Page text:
VR: How would you define a well-functioning school board?
Biondo: It is a balanced board that includes parents, local business owners ("numbers people"), and we are lucky to have local legislator Adam Greshin who can keep us updated on what is happening at the state level and, most importantly, people who simply care. People that care about their town, taxpayers and our little people who are just trying to receive a quality educational experience. A well-functioning board listens to each other and the community and operates in a fiscally responsible manner.
Schmukal: It collaborates with the entire community, teachers and the administrators in balancing the educational, social and emotional needs of Warren’s children with the financial realities of living in a town with high property taxes.
Staples: In my limited experience on the board, it seems that a group of people that work with an open mind, solid communication and an understanding that the board is there only to ensure the best operations of the school are most likely to see success. A thick skin and an accounting background seem helpful as well. (I only have one of these.)
Watkins: It’s one that engages teachers, parents and community members, hears their concerns and ideas and then acts accordingly. Given the challenges of Act 46, I think it is especially important for the school board to take an active role in facilitating public forums and ensuring that our community is fully informed about all the options we have available to us. I think the board also has a role in setting the tone for these conversations. It is easy to get divided in these moments, but important to recognize that everyone working on these issues has the best interest of our children at heart.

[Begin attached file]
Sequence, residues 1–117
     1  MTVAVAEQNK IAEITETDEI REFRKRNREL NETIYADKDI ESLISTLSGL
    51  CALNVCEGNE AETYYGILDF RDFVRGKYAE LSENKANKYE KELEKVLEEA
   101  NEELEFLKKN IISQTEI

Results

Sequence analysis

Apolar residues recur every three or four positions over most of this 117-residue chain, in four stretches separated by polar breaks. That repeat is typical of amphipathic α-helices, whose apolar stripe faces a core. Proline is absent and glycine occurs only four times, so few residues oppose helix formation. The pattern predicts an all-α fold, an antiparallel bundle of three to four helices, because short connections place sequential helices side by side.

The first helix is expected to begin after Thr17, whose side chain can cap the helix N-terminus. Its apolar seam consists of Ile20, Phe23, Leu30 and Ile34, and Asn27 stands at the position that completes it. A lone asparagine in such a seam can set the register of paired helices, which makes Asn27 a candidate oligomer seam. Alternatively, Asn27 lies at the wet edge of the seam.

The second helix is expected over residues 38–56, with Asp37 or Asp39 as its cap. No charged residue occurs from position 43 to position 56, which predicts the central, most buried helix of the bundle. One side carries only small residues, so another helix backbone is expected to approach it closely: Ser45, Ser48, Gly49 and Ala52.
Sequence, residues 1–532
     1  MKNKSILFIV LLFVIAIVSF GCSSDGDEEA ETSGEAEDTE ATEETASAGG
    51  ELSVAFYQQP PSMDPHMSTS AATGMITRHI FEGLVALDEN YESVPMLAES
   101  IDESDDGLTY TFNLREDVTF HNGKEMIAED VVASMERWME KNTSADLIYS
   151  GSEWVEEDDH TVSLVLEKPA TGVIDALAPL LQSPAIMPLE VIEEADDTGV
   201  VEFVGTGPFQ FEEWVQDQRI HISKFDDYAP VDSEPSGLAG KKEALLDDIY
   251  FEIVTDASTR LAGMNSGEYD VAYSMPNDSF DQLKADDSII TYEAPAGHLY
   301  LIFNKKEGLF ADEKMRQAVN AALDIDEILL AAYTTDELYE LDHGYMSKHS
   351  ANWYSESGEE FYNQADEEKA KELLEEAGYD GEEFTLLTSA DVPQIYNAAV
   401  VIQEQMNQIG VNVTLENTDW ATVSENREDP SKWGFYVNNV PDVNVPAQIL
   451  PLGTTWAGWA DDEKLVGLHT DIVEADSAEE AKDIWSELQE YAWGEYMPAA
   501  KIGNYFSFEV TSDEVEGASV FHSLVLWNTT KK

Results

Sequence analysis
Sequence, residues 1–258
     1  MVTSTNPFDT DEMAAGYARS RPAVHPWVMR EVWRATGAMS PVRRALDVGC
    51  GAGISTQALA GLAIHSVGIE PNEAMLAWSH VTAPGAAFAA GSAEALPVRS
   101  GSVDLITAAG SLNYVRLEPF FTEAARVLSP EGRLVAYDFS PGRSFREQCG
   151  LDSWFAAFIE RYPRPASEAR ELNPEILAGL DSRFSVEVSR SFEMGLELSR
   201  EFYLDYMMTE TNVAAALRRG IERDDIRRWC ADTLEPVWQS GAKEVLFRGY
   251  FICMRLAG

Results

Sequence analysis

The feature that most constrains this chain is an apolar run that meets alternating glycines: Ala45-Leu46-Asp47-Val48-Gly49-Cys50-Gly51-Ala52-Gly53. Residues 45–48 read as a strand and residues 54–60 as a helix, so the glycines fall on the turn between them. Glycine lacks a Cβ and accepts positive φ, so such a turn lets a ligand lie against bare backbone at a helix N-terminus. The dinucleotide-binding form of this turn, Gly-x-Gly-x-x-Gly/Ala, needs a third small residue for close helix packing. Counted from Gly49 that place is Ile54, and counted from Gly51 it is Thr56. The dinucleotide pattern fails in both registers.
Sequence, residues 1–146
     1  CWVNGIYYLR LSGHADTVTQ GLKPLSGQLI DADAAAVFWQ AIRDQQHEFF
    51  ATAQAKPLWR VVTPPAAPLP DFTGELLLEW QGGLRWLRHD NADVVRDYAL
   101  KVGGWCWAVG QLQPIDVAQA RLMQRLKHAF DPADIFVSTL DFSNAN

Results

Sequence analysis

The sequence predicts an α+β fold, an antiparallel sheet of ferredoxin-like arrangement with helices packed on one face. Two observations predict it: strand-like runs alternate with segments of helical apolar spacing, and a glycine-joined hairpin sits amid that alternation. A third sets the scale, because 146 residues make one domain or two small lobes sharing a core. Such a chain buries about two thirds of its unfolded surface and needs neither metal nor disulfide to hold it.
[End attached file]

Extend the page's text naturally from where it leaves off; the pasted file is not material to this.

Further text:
VR: How do you think the board should balance the concerns and desires of the Warren community with state policies and regulations that may be at odds with the community?
Biondo: It is imperative to be able to listen to the community, including people of the school community, but also the majority of our taxpaying community who may not be involved with the school in any way. We will obviously have to abide by whatever state policies and regulations that are placed on us, but we will also have an obligation to explore all of our options and make sure that we stay connected with what our community desires. Our duty will be to do our best with that holistic approach.
Schmukal: As a public school, we have to adhere to state and federal policies. It is up to the board to inform the Warren community about these policies, welcome questions and concerns and, when appropriate, work with legislators to address community concerns.
Staples: The school board and the community share a responsibility to conform to state policies and regulations. That being said, I share the concerns of losing town control over some policy and budgetary matters. One thing I feel confident about going forward, whichever direction that may be, is that Warren and its school will not lose its identity as a great, clever, unique and decidedly awesome place to be and learn. The town would not allow that and nor would I.
Watkins: It is the board’s job to make sure that the school is in compliance with all state policies and regulations, even if we don't like them. Act 46 is the law and we need to respond to it. But before we can think about what action we want to take, we need to think concretely about what it is we value in our community and what we want to give to our children. While there are many rules and regulations, we still get to decide who we are and what we value.